Norman McCallum, Cheese Grader at Wensleydale Creamery
Norman McCallum is our Cheese Grader, which means that he grades all the cheese we make on a weekly basis (and that’s a lot of cheese!)
This involves selecting a random cheese from every batch, which is then graded to assess its quality which in turn determines where and when the cheese will be sold. For example, Norman will be able to tell whether a cheese is suitable to be selected to be matured. We also agree different age profiles and flavour strengths with individual customers, so Norman also grades cheese prior to dispatch to ensure that it will meet our customers’ requirements.
Cheese is a living product and there are many factors that can vary the time a cheese takes to mature or reach a certain flavour level – it’s not as simple as saying that a cheese is of a certain age and therefore is ready for the customer!
Experience is the key requirement for being a Cheese Grader. You also have to have the ability to pick up aroma, and have a good sense of smell and taste!
As a cheese grader knowledge of the different varieties of cheese is essential, including their different flavours and textures.
A cheese iron is used to grade cheese – it’s a bit like an apple corer. The iron is plunged into the cheese, rotated in a circular motion (which is a skill in itself!) and then drawn out of the cheese. This provides the Grader with a cross section or ‘bore’ of the cheese to assess. As soon as he inserts the cheese iron, a good cheese grader can immediately detect what a cheese is going to be like – with a good Wensleydale there should be a`judder’ as the iron enters the cheese. The cheese bore is a good indication of the `body’ of the cheese. The iron should be clean and the texture of the bore should be flakey.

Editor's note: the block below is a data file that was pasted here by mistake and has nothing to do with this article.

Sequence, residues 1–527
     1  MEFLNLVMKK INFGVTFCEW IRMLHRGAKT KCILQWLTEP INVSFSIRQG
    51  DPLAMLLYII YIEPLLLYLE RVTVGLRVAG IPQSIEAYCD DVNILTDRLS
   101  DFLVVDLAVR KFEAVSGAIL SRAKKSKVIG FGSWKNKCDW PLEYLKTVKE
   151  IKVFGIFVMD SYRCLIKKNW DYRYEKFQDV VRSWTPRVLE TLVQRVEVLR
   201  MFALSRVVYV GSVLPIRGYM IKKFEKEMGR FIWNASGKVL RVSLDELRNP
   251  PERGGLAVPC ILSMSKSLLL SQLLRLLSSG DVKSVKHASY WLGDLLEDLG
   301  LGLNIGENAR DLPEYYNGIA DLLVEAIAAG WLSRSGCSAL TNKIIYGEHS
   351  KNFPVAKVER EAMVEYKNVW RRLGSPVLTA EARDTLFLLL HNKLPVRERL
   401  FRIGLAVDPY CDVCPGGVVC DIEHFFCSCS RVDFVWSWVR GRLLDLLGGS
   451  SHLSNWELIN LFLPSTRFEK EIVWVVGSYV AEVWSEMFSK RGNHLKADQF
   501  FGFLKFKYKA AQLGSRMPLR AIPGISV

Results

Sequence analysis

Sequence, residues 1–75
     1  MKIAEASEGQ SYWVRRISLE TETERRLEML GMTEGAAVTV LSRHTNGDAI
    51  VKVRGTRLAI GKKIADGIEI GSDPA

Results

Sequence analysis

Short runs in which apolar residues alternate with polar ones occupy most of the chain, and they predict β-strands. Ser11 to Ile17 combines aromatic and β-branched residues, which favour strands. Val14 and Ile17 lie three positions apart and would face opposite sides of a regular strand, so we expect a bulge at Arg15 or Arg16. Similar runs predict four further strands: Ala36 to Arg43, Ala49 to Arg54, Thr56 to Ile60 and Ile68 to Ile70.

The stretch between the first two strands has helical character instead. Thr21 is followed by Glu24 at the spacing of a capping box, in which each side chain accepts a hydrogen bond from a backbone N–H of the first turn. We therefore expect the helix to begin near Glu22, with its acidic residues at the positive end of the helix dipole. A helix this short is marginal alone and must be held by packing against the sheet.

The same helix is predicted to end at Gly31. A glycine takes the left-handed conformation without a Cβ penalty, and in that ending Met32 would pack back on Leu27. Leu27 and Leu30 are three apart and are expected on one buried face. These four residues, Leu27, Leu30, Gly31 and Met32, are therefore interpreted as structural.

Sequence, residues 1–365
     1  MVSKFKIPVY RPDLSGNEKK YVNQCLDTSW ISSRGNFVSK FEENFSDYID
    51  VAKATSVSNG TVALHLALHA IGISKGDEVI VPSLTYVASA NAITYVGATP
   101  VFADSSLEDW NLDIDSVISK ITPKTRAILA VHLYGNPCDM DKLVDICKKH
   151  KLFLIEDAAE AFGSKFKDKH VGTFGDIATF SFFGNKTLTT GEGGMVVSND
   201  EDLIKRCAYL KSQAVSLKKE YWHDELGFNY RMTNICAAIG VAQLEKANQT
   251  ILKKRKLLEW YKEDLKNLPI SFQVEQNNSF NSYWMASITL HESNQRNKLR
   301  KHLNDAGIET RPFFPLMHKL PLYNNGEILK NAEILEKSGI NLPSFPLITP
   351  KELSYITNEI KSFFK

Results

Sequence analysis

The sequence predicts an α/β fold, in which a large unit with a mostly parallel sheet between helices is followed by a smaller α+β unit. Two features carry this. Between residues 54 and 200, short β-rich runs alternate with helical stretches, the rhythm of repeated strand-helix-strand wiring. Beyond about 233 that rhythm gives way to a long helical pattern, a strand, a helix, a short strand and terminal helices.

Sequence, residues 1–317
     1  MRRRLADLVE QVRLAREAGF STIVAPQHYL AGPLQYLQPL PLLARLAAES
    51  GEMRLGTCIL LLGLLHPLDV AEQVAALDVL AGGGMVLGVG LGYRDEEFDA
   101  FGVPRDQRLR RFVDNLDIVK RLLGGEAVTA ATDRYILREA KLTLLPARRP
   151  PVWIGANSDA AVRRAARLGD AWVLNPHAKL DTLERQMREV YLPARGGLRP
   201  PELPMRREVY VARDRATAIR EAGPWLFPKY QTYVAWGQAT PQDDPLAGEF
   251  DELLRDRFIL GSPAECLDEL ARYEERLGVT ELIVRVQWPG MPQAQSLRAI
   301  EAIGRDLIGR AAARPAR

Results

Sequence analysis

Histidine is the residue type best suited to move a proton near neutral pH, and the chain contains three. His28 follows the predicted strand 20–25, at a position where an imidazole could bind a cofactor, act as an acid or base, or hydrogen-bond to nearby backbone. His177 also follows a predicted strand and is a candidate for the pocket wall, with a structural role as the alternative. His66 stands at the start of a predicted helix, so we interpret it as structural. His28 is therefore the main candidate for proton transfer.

Special Reserve Wensleydale cheese should have a mature aroma with a taste that develops down the side of your tongue, whereas a good ‘young’ traditional Wensleydale will have a milder milky flavour with a honeyed aftertaste.
Norman is very passionate about cheese… it’s very much a way of life, with a wealth of experience built up over the years. “It is the rich Wensleydale milk that gives our cheese its special flavour. We also make our own starter cultures at the Creamery, which contribute to the special flavour of the cheese – they give the cheese its unique flavour or ‘mark of the Creamery’.
You could make cheese using the same Wensleydale cheese recipe in other factories in different parts of the country; however, the cheese would simply not taste the same! Cheese-making is a science and an art that relies heavily on the skill of the cheese-maker. Our cheese is special because of the care and attention we give it” said Norman.
Norman joined the company 22 years ago as a cheese-maker, which is when he also started to learn to grade cheese. In his spare time he enjoys fell walking, fly fishing on the River Ure in Wensleydale and relaxing with a pint of Black Sheep!
- by Innway Pulications
- Editor Mark Reid